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    Topic review

    Environmental DNA/RNA and Exposomics

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    Contributors: Deodutta Roy , Indu Thakur
    Submitted by: Deodutta Roy

    Abstract

    Records of eDNA/eRNA exposome may reflect the early appearance, persistence, and presence of biotic and/or abiotic-exposure-mediated modifications in these nucleic acid molecules. Functional genome- and epigenome-wide mapping of eDNA offer great promise to help elucidate the human exposome. Assessment of longitudinal exposure to physical, biological, and chemical agents present in the environment through eDNA/eRNA may enable the building of an integrative causal dynamic stochastic model to estimate environmental causes of human health deficits. Development and validation of monitoring of eDNA/eRNA exposome should seriously be considered to introduce into safety and risk assessment and as surrogates of chronic exposure to environmental stressors.

    1. Definition

    The organismal genetic material, deoxyribonucleic acid (DNA), and ribonucleic acid (RNA) present in the environment (home, work or recreational built environment, hazardous wastes, lake and river water, air, etc.) refer to environmental DNA or RNA (eDNA/eRNA). All organisms, including microbes, animals, and humans leave behind traces of genetic material in the environment as they pass through habitats or interact with other organisms. Besides entire microorganism genomes (bacteria, virus, fungus and protozoans), the sources of eDNA/eRNA could be from human or animal blood, hair, excrements (urine, feces, mucous, saliva, secretions), skin, sperm, eggs, roots, leaves, fruit and pollen of plants, and rotting bodies of larger organisms.The eDNA/eRNA-based exposome assessment is expected to rely on our ability to capture the genome- and epigenome-wide signatures left behind by individuals in the indoor and outdoor physical spaces through shedding, excreting, etc.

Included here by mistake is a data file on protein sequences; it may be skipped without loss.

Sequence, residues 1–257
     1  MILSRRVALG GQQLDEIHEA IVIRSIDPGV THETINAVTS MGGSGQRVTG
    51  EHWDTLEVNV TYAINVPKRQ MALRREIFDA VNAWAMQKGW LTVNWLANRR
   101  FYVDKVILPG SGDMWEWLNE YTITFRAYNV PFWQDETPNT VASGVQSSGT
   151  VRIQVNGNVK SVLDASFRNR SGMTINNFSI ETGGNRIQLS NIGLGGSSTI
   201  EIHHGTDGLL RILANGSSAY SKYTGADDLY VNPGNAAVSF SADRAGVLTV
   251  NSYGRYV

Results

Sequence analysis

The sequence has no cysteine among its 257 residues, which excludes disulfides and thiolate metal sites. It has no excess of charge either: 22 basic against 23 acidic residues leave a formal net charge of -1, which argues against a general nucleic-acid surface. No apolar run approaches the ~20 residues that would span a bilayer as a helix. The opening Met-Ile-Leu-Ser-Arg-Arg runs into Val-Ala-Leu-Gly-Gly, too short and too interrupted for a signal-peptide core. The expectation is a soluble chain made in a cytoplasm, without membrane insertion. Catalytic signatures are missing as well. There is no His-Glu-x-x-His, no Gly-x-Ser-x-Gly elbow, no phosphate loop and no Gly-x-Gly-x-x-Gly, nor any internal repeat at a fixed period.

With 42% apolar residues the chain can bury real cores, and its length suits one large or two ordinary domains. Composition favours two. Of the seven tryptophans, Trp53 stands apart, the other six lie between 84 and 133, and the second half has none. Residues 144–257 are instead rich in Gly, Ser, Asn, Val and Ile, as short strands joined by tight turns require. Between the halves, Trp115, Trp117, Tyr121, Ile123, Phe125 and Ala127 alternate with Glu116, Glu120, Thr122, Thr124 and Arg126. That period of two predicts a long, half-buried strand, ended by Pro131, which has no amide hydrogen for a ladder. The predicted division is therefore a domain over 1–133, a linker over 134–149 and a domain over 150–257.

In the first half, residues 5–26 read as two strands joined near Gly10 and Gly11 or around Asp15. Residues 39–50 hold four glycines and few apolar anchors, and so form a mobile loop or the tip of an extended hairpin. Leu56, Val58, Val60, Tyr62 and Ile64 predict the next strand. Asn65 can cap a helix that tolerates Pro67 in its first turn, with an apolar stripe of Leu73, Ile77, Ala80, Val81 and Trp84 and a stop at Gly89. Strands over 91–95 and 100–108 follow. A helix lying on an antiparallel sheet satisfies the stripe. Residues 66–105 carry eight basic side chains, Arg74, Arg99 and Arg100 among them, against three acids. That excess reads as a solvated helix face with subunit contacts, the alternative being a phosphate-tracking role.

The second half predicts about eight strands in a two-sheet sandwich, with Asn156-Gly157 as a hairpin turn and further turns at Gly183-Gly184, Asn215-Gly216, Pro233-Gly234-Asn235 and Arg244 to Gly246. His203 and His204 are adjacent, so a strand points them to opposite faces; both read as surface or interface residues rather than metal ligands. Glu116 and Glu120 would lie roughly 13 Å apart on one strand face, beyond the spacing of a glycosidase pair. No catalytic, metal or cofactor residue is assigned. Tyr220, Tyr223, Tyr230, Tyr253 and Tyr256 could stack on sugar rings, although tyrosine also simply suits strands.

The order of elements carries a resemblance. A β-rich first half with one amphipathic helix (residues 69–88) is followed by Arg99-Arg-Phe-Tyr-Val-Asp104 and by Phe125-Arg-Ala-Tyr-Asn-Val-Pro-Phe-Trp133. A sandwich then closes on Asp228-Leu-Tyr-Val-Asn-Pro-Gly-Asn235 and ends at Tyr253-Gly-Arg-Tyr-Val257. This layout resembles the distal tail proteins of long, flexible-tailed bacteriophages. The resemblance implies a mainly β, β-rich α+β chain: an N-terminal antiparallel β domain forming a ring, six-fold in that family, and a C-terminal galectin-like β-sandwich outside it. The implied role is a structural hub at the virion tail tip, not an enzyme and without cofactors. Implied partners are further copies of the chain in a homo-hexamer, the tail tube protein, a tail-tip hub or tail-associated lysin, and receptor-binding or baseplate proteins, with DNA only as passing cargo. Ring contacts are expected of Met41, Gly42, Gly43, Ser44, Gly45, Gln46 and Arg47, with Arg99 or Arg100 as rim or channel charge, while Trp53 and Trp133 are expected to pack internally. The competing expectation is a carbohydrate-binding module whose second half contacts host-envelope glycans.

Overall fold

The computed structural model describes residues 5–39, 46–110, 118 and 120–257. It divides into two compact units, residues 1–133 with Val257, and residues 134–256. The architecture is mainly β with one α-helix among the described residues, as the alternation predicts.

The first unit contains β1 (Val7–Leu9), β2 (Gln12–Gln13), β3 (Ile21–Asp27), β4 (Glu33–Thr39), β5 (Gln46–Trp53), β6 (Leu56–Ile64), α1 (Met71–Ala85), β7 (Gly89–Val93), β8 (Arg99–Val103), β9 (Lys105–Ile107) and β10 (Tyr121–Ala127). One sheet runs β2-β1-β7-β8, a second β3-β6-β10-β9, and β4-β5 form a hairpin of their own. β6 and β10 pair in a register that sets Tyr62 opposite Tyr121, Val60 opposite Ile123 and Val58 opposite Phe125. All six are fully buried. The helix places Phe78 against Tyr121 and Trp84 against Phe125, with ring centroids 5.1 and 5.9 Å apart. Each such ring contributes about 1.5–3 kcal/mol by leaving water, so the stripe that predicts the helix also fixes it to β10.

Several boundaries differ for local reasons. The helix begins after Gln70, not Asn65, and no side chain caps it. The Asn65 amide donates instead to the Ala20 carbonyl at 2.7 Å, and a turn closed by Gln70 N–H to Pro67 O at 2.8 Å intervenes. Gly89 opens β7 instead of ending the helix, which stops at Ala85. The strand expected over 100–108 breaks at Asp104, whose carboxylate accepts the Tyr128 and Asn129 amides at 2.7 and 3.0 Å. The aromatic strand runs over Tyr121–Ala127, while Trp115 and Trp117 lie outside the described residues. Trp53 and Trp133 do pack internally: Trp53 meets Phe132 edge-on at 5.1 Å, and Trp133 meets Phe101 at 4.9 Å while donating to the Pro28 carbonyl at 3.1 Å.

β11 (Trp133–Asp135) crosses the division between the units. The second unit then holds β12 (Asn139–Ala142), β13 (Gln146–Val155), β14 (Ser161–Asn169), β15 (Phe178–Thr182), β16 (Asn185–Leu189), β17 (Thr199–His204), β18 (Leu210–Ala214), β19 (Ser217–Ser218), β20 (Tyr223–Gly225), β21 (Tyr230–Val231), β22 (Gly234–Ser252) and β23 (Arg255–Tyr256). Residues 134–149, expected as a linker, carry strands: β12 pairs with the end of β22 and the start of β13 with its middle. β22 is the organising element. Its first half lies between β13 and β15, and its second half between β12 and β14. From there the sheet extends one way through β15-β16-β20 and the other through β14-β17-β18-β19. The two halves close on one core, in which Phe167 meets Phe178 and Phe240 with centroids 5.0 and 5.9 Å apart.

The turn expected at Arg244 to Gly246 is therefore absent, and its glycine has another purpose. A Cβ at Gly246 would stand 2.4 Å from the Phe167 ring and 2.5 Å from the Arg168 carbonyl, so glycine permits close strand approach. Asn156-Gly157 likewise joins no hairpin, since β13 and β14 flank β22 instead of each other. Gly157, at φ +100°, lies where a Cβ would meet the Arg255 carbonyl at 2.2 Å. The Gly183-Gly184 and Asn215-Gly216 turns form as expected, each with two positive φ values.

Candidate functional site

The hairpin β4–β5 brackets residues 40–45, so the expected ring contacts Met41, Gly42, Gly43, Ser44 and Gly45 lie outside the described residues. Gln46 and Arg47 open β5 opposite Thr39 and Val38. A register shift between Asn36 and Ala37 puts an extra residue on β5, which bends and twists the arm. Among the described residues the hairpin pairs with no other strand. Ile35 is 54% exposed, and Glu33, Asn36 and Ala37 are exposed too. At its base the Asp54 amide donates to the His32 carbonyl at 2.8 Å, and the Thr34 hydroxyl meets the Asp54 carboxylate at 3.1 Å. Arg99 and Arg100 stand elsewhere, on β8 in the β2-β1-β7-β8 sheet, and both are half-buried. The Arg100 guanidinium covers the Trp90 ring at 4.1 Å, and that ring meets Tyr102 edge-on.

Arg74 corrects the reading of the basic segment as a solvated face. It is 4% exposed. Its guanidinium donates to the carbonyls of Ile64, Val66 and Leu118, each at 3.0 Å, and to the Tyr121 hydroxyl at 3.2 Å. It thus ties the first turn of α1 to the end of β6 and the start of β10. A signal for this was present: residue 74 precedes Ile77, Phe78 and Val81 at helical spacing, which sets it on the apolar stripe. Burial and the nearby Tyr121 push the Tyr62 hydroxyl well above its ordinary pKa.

2. Introduction

    Humans are stochastically exposed from conception/origin onwards to multiple sets of environmental factors present in the indoor and outdoor physical spaces where we live, recreate, and work. Exposure to these different sets of environments creates an overlapping human exposome. To clarify the environmental exposure overlaps, the exposome is categorized into three broad environmental domains [1]. The first environmental domain consists of a common external environment which may include the rural/urban environment (e.g., buildings, furnishings, open and public spaces, roads, utilities, and other infrastructure which either introduce, allow, or restrict environmental factors) and climate factors. This domain is followed with a specific external environment exposure in the indoor and outdoor physical spaces of specific toxins, pathogens, radiation, lifestyle factors (e.g., tobacco, alcohol), diet, physical activity, etc. Finally, the third domain consists of the internal environment resulting from the overall exposure of both common and specific environments. This domain may include internal biological factors such as metabolic factors, hormones, gut microflora, inflammation, oxidative stress, etc. These comprehensive and complete descriptions of dynamic environmental domains which individuals are exposed to on a regular basis indicate the complexity of cumulative multiple exposures of environmental stressors and their interactions in real-life human environmental settings (summarized in Figure 1). Exposures to these overlapping environmental external and internal factors are largely responsible for the majority of non-hereditary sporadic chronic diseases.

    Figure 1. Illustration of complexity of cumulative multiple exposures of environmental stressors and their interactions in real-life human environmental settings.

    Comprehensive analyses of entire complex and dynamic environmental exposure to multiple stressors over time require high sampling effort and multi-species approaches [2]. Existing environmental exposure monitoring approaches are inefficient, not cost effective, destructive, and taxonomically or functionally biased. Also, there is a major reliance on professional taxonomic identification or organismal sample collections and analysis that are not translatable to real environmental settings. There is no fully validated and optimized tool available for mapping an entire exposome for an individual.